As you would expect, all of this pampering and special attention comes with a price tag, and that sum is not for everyone. A weekend at COTA will run you $1,500 and that doesn’t include the membership, bike rental, and transport fees, and consumables like tires.

But for Eleven’s members, the costs associated with the level of service are worth it. I hate to use a trite phrase like “time is money” but for the well-heeled – the budding demographic in the superbike space, I might add – the phrase is appropriate.

Time is a commodity in limited supply for Eleven’s members, which means there is a very real opportunity cost when it comes to maintaining one’s motorcycle and preparing for a track day (especially a track day at great distance from home).

Not all motorcyclists find a simple joy in working on their own bikes, and as superbikes become more dominated by electronics and complicated systems, the amount of wrenching the laymen can perform without expensive diagnostic computers is becoming limited.

What the manufacturers have unwittingly created is a new breed of motorcycle enthusiasts that differ from what this industry was built around.

This new rider has plenty of money, but little time, and the idea of spending hours in a garage working on their motorcycle isn’t the romantic thought that generally fills the motorcycle industry’s status quo.

For these riders, life already has too many distractions, and the appeal of a motorcycle is the idea of getting away from the onslaught of text messages, corporate emails, and business meetings. For the new modern superbiker, time on the track is zen, and any moments lost in that pursuit are preciously missed.

I can already hear the comments section rife with thoughts about how real motorcyclists work on their own bikes, and how (insert European motorcycle brand name here) riders only ride their uber-expensive motorcycles to coffee shops.

But, I see more and more expensive motorcycles at my regular track days, and at COTA there were no shortages of $40,000+ motorcycles being used in the anger their engineers intended them for.

While one can argue that the hipster lifestyle fascination with two-wheels rebukes the idea that motorcyclists are looking for more expensive and more complicated motorcycles beyond what the Honda CB350 has to offer, I would counter with what any local motorcycle mechanic can probably already tell you: these trendy cafe racers, Russian sidecars, and vintage hacks left a plethora of riders broken down on the side of the road, disenchanted with their newly found moto-life.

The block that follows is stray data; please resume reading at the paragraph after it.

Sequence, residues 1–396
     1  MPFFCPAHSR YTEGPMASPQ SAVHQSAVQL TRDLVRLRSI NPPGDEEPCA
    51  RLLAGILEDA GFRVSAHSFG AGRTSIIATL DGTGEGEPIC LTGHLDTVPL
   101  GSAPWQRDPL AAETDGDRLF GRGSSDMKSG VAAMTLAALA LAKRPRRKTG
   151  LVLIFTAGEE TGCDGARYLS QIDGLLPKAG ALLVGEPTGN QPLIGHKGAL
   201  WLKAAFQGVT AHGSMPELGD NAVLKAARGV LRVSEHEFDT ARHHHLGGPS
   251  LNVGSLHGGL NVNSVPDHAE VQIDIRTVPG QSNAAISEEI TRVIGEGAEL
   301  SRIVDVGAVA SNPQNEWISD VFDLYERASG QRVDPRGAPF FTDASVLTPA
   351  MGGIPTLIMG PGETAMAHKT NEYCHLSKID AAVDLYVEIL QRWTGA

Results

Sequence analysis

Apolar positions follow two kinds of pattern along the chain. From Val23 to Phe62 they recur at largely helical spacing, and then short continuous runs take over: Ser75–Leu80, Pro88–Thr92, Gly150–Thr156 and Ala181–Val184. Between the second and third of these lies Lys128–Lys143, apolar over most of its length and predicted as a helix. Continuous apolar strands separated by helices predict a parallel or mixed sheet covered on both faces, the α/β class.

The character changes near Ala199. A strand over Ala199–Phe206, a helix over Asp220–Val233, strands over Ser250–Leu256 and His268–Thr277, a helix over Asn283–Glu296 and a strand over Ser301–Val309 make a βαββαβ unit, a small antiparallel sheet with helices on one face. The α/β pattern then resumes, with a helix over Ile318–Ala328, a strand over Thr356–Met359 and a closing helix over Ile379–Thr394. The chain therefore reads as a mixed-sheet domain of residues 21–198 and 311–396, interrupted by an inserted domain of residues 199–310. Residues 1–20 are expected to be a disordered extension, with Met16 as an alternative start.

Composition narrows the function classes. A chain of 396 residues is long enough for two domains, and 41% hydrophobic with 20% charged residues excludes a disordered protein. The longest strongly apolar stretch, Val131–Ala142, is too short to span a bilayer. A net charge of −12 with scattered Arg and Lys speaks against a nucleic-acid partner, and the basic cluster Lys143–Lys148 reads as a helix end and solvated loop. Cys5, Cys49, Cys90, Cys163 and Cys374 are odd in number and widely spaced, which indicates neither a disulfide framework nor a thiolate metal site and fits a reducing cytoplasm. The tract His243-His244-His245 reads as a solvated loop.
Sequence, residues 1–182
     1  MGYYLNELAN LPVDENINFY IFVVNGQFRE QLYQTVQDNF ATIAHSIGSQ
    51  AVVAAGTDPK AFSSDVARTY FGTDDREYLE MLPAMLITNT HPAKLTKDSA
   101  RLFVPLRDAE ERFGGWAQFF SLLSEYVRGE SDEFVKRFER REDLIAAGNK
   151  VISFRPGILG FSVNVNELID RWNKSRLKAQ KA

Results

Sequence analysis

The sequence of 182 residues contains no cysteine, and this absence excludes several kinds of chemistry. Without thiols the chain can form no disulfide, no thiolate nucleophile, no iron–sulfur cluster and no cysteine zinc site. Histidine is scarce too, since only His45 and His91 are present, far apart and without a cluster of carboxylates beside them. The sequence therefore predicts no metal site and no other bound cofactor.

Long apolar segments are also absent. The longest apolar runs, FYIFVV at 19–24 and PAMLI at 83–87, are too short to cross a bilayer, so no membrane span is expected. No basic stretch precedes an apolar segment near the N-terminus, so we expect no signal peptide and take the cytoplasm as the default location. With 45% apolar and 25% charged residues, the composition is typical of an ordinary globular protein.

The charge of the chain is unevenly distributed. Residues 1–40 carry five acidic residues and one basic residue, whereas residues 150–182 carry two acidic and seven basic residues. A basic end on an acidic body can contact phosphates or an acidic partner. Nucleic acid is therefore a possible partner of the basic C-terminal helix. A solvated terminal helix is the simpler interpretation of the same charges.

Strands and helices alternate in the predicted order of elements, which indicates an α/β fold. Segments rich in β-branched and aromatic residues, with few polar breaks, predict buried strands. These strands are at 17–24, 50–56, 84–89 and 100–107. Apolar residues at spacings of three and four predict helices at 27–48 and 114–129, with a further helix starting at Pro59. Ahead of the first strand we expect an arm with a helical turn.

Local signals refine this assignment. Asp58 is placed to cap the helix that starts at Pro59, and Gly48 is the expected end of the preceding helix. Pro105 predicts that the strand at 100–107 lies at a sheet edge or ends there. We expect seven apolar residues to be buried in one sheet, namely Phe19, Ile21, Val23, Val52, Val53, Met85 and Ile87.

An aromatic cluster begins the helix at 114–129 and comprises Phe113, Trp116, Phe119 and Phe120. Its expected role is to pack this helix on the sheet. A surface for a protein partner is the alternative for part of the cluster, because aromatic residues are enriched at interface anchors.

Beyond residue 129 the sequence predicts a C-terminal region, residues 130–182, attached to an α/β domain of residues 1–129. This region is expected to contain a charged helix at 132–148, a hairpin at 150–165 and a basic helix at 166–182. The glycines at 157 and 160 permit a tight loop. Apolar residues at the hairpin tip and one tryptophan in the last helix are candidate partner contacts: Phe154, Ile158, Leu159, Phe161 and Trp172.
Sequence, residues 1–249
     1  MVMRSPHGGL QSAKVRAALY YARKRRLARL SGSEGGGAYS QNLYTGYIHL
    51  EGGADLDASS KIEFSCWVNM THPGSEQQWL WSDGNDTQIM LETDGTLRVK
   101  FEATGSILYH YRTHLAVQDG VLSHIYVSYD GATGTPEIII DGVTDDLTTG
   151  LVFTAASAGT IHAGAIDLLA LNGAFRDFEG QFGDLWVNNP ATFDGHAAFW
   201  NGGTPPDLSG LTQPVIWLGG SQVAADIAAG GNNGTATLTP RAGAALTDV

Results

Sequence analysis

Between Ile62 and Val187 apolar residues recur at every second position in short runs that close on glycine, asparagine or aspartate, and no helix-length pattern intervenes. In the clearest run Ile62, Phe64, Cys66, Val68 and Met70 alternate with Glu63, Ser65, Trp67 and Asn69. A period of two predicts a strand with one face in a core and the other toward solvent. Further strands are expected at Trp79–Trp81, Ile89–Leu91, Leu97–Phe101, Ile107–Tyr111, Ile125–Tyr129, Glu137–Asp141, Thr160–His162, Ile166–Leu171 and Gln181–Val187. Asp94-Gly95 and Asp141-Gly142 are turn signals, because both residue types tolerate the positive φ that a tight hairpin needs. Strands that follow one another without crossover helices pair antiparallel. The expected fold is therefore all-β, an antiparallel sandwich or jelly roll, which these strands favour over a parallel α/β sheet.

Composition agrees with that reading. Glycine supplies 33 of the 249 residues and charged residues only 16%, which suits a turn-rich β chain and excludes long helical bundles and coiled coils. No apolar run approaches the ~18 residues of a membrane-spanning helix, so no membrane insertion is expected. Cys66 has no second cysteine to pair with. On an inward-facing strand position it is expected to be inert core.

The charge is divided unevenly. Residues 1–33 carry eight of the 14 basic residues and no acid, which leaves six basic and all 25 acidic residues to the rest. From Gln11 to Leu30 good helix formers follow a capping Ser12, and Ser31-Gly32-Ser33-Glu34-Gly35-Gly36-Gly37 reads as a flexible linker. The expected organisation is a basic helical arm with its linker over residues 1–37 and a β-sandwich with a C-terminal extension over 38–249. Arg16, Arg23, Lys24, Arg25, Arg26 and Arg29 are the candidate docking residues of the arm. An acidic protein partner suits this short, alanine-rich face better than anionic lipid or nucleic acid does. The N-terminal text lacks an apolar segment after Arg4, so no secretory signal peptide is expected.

The unspoken secret about riding motorcycles is that our sport, and our lifestyle, is becoming increasingly expensive, and this is causing a demographic shift in our industry. The brains at Eleven Motorsports have already figured this trend out, and are capitalizing on it in Texas and the other venues they travel to.

What surprises me though is that no one else is catching-on to the business model. Why do we not see similar services from high-end dealerships?

They already have the clientele, and they already have the core components to run that kind of business. A track concierge service should be a natural extension for any premium motorcycle dealer.

Similarly, why aren’t the OEMs latching onto the motorcycles-as-a-service business model? We have seen the concept already explored in the four-wheeled space, and there is no shortage of car clubs that will offer you a piece of automotive exotica for use on the weekend, and yet this lacks largely in the motorcycling realm.


We use the phrase “race to the bottom” often when describing the US motorcycle industry on this website and on our podcasts, and it is a pointed reference to commoditization of our sport. 

However, after spending a weekend with the Eleven Motorsports crew, and thinking about the level service they provide their clients, I think they make a strong case about how we can begin to have a race to the top in the motorcycle industry.

The business is no longer the product, and the product is now the service. There is a famous Harvard business case study that examines how Ritz-Carlton became the gold standard in the hospitality industry, and the hotel chain did it by building a brand around exceptional customer service.

We need to be a bit more Ritz-Carlton, and a bit less Motel 6, in how we treat the modern motorcyclist, and it is the brands and business that truly understand that distinction that will survive the next generation of the motorcycle industry – of this much, I am sure.

Don’t misunderstand what I am saying, however. This article isn’t building a case about how the motorcycle industry needs to pivot to only serving the top 1% of the population.

While there certainly is a demographic shift occurring in the industry, and brands need to take heed to this change, the real core of the Eleven concept is the emphasis put on exceptional service and how one can differentiate their brand by the added value it brings its customers.

As such, motorcycle industry companies should start asking themselves how their brands can bring a value-added experience to their customers, and how their companies’ services can help differentiate them in a tough economic climate.

Photos: © 2019 Eleven Collective – All Rights Reserved

Jensen Beeler

Despite his best efforts, Jensen is called one of the most influential bloggers in the motorcycle industry, and sometimes consults for motorcycle companies, whether they've solicited his expertise or not.

Comments